The Concept of Revenge in The Cask of Amontillado
“The Cask of Amontillado” by Edgar Allan Poe is short story about how Montresor takes his revenge against the unsuspecting Fortunato. Fortunato has apparently insulted Montresor, and since that day Montresor, who is narrating the story, has promised to avenge the insult done to him. Montresor tricks Fortunato to come with him to the catacombs of his house by saying that he has gotten a hold of an Amontillado, a rare wine.
Being proud of himself as a “wine expert,” Fortunato simply cannot resist. Montresor “comforts” the coughing of Fortunato in the catacombs by giving him wine. When Fortunato becomes too drunk, Montresor puts little effort in chaining him to a wall inside a crypt. Montresor then seals Fortunato’s body and fate by creating a wall on the entrance of the crypt. For fifty years, the narrator claims that Fortunato’s body has been in there, suggesting that he got away with murder.
As such, this brief discourse shall discuss whether or not Montressor was indeed successful in carrying out his revenge against Fortunato.
Though the narrator succeeds in subduing Fortunato by trapping him inside a crypt, he does not fully accomplish all the conditions he mentioned for a successful revenge. Of all the conditions mentioned by Montresor, only the first condition may be considered a full success. His first condition for a successful revenge is to carry out his revenge without being caught. “I must not only punish but punish with impunity” (Poe 174). It is the only condition that has been clearly fulfilled, while the other conditions have not been definitive or fulfilled at all. Montresor satisfies his condition for a successful revenge in this one because he is able to get away with the crime. He mentions at the end of the short story that for fifty years, the body of Fortunato has been undisturbed.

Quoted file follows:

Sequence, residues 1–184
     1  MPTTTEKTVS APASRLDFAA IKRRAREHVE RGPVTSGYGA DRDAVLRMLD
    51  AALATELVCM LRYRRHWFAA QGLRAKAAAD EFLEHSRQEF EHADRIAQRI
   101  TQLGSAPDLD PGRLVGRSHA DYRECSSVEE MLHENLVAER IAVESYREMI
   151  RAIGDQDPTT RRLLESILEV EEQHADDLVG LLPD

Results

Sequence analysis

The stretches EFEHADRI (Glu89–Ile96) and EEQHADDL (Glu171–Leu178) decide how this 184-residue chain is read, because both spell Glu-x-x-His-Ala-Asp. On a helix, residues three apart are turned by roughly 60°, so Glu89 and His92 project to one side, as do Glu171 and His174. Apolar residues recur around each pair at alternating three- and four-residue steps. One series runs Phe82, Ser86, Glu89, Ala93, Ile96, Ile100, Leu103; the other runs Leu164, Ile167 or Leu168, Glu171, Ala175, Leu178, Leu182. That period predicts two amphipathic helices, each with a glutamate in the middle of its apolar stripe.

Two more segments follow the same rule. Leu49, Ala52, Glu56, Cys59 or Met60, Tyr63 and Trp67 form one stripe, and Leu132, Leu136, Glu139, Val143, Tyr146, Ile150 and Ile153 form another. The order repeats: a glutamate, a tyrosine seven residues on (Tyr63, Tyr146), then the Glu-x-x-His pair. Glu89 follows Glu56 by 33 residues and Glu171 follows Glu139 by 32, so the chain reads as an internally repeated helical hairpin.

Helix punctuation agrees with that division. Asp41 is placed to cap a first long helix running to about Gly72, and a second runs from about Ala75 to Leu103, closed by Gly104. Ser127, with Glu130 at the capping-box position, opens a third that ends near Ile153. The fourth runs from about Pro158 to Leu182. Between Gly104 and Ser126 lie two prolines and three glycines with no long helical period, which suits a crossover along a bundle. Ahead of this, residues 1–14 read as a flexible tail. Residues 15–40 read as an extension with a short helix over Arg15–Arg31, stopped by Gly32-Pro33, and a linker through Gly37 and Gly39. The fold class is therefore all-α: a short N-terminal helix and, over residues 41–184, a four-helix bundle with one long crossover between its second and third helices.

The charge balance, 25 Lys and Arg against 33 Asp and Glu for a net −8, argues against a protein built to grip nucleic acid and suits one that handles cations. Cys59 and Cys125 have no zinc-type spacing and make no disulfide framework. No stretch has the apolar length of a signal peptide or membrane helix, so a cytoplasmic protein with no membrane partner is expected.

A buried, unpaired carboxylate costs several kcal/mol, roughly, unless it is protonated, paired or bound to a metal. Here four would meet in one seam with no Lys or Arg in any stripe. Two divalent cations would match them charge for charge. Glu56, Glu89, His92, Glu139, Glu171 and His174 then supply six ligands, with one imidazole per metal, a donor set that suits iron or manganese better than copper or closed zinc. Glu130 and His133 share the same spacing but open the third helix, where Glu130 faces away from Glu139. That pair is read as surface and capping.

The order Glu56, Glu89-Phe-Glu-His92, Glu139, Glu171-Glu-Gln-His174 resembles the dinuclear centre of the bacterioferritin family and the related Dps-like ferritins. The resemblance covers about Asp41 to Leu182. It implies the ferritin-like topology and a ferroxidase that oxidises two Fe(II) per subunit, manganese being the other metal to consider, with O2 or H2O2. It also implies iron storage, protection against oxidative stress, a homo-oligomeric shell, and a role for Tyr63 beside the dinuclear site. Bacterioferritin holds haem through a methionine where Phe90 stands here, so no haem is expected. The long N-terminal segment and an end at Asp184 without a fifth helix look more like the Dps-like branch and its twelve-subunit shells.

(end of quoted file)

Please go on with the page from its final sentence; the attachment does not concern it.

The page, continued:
“Against the new masonry I re-erected the old rampart of bones. For half a century no mortal has disturbed them” (Poe 186). Montresor is successful in this condition because of his careful planning. He sent his servants out of the house, and he knew Fortunato’s secret (his love for wines). Great insult must have been done upon him by Fortunato that prompted Montresor to get back at him. Revenge is a must, which he achieved partially.
A degree of success may be considered on Montresor’s second condition. Montresor believes that revenge undoes a wrong deed and is therefore necessary. A successful revenge is going through the revenge part itself. “A wrong is unredressed when retribution overtakes its redresser” (Poe 174). By viewing his intention for retribution as something that needs to be done in order to correct a wrong deed, Montresor tries to justify his vindictive actions. In relation to this condition that Montresor has come up with, he also adds that the “avenger” must make his or her presence felt in order for the revenge to be successful. “It is equally unredressed when the avenger fails to make himself felt as such to him who has done the wrong” (Poe 174). Montresor almost had his revenge perfectly executed but he failed in gaining full satisfaction over his revenge.
Montresor enumerated his conditions for a successful revenge; first is to get away with the crime, which he did; second is the act of avenging itself; third is to make the revenge as hard as the act that prompted the vengeance; and lastly, the avenger should not be obvious in his or her attempts. One out of the three major conditions is not enough to conclude Montresor’s revenge as successful. Though he did succeed in killing Fortunato, the results show that he did not have a successful revenge. He laid out the criteria for a successful hit, if he had not done so, the readers could have settled with him just killing Fortunato.
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